Match Group, home to a variety of dating startups—including Tinder,, and OkCupid—has filed to go public. The company will list on the NASDAQ under the ticker symbol $MTCH and hopes to raise at least $100 million.

A wholly owned subsidiary of IAC/InterActive Corp, Match Group is a conglomerate of popular dating products.

In total, the company owns 45 brands — among them, the aforementioned Tinder and OkCupid as well as Meetic, Twoo, OurTime, and FriendScout24. Perhaps less well-known is that it also owns The Princeton Review, its only non-dating business. The company’s dating products are predominately distributed in North America and Western Europe, however they span more than 190 countries.

Match Group caters to roughly 59 million monthly active users, 4.7 million of whom are paid users. Its products also seem to be striking a chord with younger users: More than 60 percent of its users identified as under 35 years old. That’s a significant increase from 2011 numbers, when a little more than a third of its users were under 35. From the quarter that ended on September 30, 2011 to the same quarter in 2015, monthly active user growth increased 63 percent, while the paying member count grew 23 percent.

The company estimates that its total target demographic is approximately 511 million strong.

In 2014, the company earned $799 million in revenue from subscriptions (most came from users in North America). Another $36 million in revenue came from advertising. In the last two years, the Match Group has seen an increase in revenue of 13 percent (from 2012 to 2013), and then another 11 percent increase in revenue year-over-year (from 2013 to 2014). International markets make up a third of its overall revenue, showing lots of room for growth overseas.

The average revenue per paying user in 2014 was listed at $0.60 in North America and was slightly higher (at $0.68) everywhere else, which could indicate that there’s more engagement internationally than within the confines of North America.

The major costs to the Match Group are those of marketing and selling its products ($335 million in 2014), and together represent 42 percent of its total spending.

The Match Group’s IPO faces some risks. There is a lot of competition in the dating space, though Match Group does own some of the most buzzworthy platforms. The company also identifies distribution as a potential problem, referring to a product being somehow restricted by an app store or other digital marketplace. Tinder, for instance, uses Facebook account information help new users log in. If Facebook substantially changes its terms and conditions in a way that affects Tinder’s ability to onboard customers, that could negatively impact Match’s business.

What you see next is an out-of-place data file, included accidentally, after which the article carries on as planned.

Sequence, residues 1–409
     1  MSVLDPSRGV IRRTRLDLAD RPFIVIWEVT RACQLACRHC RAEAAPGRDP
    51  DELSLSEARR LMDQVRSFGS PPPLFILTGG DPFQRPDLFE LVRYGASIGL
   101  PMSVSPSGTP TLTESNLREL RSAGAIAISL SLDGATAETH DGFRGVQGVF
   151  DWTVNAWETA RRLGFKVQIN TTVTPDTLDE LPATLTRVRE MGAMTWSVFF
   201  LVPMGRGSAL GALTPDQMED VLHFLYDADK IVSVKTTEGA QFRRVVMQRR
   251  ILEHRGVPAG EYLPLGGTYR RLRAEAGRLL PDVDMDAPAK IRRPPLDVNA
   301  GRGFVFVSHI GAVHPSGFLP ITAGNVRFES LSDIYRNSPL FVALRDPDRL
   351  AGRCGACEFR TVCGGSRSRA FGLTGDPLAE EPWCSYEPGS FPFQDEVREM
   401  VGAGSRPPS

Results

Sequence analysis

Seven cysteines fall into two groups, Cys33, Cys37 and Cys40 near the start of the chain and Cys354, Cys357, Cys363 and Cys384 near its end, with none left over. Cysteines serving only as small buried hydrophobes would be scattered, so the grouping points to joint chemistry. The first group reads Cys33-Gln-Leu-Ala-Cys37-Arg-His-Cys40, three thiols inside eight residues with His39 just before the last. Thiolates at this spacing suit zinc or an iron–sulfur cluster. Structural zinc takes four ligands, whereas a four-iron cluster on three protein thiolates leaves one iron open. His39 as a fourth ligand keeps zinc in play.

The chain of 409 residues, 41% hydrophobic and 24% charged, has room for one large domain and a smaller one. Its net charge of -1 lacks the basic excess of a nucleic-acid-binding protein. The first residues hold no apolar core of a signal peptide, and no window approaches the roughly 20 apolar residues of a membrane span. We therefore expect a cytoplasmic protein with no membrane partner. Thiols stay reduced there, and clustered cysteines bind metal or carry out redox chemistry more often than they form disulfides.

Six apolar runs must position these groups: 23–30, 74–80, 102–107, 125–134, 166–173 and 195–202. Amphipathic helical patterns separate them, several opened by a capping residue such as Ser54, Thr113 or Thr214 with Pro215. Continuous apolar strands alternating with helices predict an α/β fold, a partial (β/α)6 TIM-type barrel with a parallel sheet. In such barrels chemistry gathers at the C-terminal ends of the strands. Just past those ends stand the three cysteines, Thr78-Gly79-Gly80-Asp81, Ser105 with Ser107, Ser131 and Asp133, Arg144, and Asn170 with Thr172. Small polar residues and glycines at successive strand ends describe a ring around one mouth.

Perhaps more importantly, Match Group lists hackers as a potential issue:

“We may not be able to protect our systems and infrastructures from cyber attacks and may be adversely affected by cyber attacks experienced by third parties,” the company noted in its S-1 filing. Cyber threats have caused a problem for a number of companies recently, including Sony and fellow dating site, Ashley Madison. The cost of leaked user data can be enormous, especially considering the sensitive nature of Match’s products.

Other risks include government regulations and potential litigation brought against the company, such a lawsuits by disgruntled daters, one alleging ineffective security after the user was stabbed by a match, and a $1.5 billion class action case brought against in 2013 by a model who claims there are fake profiles on the dating site.

An additional concern for potential investors may be IAC’s stake in the company. Not only is it listed as the sole shareholder on Match Group’s S-1 filing, but IAC will own all of the company’s Class B common stock, giving it a 10:1 voting power ratio. Once Match goes public, IAC will have more than 50 percent control of the company. From the filing:

“As long as IAC owns shares of Class B common stock representing a majority of the total voting power of our outstanding capital stock, it will be able to control any corporate action that requires a stockholder vote, regardless of the vote of any other stockholder.”

Since 2009, Match Group has spent over $1.28 billion in order to acquire 25 brands for its dating portfolio, most recently, PlentyofFish in a deal for $575 million that is expected to close sometime in Q4 2015.

JP Morgan, Allen & Company, and Merrill Lynch, Pierce, Fenner & Smith Inc. are underwriting Match’s public offering.

Additional reporting by Ken Yeung.

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